Our appellate record does not include a copy of defendant's PCR petition. The only document submitted for our review that contains defendant's factual allegations is a partially illegible copy of a handwritten,undated letter defendant wrote to the judge. In the letter, defendant claimed that no one informed him at the time of his plea that “if [he] was convicted of an aggravated charge [he] could be deported by immigration.” He said he had heard of a case in which a defendant had been deported after being convicted of a sexual assault. He said he asked his defense attorney about immigration consequences of his crime because he “was worried about it.” Specifically as to counsel's advice, defendant stated: “I told him ... I didn't want to have anything to do with immigration. I think he said he didn't think there would be any issue with immigration, and that he would talk to the prosecutor. This was the only time we talked about immigration.”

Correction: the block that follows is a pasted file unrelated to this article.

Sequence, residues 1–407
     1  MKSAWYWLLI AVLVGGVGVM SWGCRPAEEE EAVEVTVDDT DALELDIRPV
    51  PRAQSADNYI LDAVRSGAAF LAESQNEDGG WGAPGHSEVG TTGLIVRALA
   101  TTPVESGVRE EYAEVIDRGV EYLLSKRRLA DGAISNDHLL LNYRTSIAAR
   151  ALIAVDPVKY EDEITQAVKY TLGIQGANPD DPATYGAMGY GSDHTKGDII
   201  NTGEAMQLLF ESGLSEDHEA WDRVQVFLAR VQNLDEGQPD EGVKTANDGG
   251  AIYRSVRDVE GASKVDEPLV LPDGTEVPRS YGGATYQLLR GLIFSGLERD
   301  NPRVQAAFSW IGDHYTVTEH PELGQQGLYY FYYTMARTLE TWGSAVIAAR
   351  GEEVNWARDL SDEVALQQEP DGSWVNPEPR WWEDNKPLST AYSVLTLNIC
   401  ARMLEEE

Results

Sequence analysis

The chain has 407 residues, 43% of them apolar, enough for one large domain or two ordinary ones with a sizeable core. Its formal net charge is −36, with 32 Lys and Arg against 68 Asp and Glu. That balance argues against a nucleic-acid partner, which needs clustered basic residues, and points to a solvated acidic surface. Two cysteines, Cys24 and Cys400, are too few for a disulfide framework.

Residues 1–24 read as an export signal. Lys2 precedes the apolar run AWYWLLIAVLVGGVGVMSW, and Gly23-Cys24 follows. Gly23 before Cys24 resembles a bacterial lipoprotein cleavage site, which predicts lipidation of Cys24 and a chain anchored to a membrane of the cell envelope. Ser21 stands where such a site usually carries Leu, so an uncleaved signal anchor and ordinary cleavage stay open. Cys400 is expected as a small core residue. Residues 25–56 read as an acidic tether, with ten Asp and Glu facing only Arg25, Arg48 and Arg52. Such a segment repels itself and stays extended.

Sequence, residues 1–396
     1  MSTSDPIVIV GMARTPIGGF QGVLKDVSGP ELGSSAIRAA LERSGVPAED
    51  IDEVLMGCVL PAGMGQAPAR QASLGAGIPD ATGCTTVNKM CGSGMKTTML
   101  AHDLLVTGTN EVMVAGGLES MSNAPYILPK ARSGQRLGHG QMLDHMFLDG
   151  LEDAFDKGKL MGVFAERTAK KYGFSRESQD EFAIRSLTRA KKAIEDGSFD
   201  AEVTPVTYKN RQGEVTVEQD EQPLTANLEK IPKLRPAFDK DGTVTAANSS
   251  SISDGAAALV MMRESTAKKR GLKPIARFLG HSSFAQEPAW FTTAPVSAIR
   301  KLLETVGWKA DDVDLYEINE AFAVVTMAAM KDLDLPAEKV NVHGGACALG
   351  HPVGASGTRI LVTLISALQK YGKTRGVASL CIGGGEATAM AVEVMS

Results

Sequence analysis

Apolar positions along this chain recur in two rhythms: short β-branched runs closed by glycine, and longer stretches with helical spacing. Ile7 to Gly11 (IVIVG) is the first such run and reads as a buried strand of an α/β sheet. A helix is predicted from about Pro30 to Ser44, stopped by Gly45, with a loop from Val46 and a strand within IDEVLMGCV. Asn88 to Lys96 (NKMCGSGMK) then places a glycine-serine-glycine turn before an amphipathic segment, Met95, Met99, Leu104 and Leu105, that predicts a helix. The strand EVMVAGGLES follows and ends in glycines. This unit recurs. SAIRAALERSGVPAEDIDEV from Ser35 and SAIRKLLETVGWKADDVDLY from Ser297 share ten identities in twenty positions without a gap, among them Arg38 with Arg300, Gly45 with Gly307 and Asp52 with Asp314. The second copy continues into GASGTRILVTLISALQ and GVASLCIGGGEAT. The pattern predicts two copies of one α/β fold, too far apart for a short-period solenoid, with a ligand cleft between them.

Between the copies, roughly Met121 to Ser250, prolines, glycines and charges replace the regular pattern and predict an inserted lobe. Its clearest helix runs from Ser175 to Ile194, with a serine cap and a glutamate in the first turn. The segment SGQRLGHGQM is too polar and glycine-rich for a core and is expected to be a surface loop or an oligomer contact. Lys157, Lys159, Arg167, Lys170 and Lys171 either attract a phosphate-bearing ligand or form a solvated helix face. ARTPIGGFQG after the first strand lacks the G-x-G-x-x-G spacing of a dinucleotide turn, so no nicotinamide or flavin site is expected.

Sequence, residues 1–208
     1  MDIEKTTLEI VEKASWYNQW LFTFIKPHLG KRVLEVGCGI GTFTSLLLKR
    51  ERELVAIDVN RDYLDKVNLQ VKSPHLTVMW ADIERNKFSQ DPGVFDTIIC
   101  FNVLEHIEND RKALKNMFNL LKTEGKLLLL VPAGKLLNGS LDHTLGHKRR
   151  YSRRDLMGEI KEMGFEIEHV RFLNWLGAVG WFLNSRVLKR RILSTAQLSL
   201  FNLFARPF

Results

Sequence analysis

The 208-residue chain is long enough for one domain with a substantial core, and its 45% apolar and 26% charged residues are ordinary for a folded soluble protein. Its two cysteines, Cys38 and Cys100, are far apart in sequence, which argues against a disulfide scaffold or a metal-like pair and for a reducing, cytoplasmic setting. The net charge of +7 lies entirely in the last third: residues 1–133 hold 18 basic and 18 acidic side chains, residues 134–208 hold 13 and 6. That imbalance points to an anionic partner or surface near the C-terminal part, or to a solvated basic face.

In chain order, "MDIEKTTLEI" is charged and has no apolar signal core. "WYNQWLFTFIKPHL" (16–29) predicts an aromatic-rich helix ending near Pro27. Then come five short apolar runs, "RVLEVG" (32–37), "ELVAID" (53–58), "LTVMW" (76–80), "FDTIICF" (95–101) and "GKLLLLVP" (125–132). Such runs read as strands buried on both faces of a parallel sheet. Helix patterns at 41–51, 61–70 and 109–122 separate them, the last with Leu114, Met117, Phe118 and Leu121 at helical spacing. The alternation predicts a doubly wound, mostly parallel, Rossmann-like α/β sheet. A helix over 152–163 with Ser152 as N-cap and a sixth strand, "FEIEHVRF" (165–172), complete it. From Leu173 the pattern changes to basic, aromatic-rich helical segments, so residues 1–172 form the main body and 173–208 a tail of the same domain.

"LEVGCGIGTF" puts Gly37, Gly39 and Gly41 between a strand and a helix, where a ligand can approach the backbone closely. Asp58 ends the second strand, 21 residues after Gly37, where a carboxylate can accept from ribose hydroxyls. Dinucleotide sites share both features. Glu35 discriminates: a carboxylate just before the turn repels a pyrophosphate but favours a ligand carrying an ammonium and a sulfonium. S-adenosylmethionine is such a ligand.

The State asserts that defendant's factual allegations are vague and insufficient to show faulty advice by defense counsel, but in any event, we should disregard them because the defendant's letter does not comply with the requirements of Rules 3:22–8 and 3:22–10(c) applicable to a PCR petition. Those rules require that the facts a defendant alleges be provided by means of a verified petition or a supplementary affidavit or certification.